ROSEMÈRE... THE 70s, 80s AND 90s

In December 1975, the Municipal Housing Board was formed. Its main function is to manage the Terraces Rosemère, a home for senior citizens. The provincial government and the Town of Rosemère are jointly absorbing the home's annual deficit.

1975 also was the year when a special by-law was passed, authorizing a loan for a new city hall. The old premises on Philippe Street had become too small and could no longer meet the needs of a fast-growing community. On October 16, 1977, the new City Hall at 100 Charbonneau Street was officially inaugurated.

Between 1974 and 1976, when the Mille-Îles River had swelled to a record high, Rosemère pulled down all riverside homes built on stilts for the construction of new dams to protect homes from springtime flooding. In 1983 water levels once more rose as high as in 1974, but the dams prevented any further damage done to properties.

The new Community Centre opened its doors on February 18, 1979. The municipal library permanently moved into the Centre, after having changed location more than once since it was founded by a group of volunteers in 1946.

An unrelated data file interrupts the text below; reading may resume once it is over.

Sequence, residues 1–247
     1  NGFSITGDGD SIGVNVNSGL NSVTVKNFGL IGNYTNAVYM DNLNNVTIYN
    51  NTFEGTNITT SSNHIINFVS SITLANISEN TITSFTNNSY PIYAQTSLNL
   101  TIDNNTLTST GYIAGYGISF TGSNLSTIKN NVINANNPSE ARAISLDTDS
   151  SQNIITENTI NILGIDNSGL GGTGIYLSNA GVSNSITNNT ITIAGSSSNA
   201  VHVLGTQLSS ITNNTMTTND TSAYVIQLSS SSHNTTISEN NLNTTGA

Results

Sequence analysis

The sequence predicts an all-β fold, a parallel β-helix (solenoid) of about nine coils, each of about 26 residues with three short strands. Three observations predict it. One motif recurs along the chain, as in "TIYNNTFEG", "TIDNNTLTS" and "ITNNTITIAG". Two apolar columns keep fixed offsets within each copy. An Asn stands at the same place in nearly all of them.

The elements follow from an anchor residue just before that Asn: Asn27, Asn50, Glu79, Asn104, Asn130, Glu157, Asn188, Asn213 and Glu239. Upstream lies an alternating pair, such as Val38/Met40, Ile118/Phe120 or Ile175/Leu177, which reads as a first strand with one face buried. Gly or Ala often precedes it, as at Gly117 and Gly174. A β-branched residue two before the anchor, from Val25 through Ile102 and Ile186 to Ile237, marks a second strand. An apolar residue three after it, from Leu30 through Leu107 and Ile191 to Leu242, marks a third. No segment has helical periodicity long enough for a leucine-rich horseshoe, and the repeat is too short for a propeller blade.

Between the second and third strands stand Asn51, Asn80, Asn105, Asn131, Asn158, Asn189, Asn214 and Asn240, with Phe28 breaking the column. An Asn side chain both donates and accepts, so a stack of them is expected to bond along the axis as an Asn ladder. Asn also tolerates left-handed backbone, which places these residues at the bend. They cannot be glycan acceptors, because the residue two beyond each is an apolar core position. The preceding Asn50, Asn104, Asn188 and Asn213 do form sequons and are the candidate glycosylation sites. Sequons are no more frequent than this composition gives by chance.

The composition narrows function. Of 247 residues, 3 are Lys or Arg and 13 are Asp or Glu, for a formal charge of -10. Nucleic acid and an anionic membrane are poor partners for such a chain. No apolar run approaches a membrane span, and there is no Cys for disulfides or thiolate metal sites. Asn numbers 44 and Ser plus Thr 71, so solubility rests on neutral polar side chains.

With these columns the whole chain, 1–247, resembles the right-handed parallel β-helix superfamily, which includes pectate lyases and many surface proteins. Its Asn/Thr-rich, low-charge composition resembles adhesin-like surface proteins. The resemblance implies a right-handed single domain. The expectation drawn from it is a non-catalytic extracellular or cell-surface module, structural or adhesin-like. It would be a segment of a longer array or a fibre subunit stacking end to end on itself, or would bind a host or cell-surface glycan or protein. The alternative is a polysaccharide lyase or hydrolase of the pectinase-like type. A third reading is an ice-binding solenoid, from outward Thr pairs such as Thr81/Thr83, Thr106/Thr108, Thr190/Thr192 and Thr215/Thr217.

During the eighties, development of residential areas and quality of the environment became priority issues. From 1981 to 1986, the population grew by 11.5 percent, and in the five years that followed, from 1986 to 1991, the population soared by an impressive 31.6 percent to 11,416. With an ever-growing population, municipal services were expanded and several volunteer organizations sprang up. Thanks to the efforts one of these volunteer groups, the Rosemère Arena was built.

1990 was marked by the creation of a permanent environment committee formed by ordinary citizens, specialists and elected city council members. In the same year, Rosemère's country-like character was officially recognized. In fact, Rosemère won first prize in two provincial contests, Ville verte and Ville fleurie. The city also proposed a large-scale park and green space development project. New by-laws were adopted with the aim of improving the protection of the environment. Rosemère was one of the first communities to control the use of pesticides.

Environment-oriented initiatives such as composting, recycling, and selective waste collection were taken and implemented in partnership with the Société d'écologie de Rosemère. Over the years, Rosemère naturally turned into a greener place to live, thus intensifying its warm and welcoming country-like charm.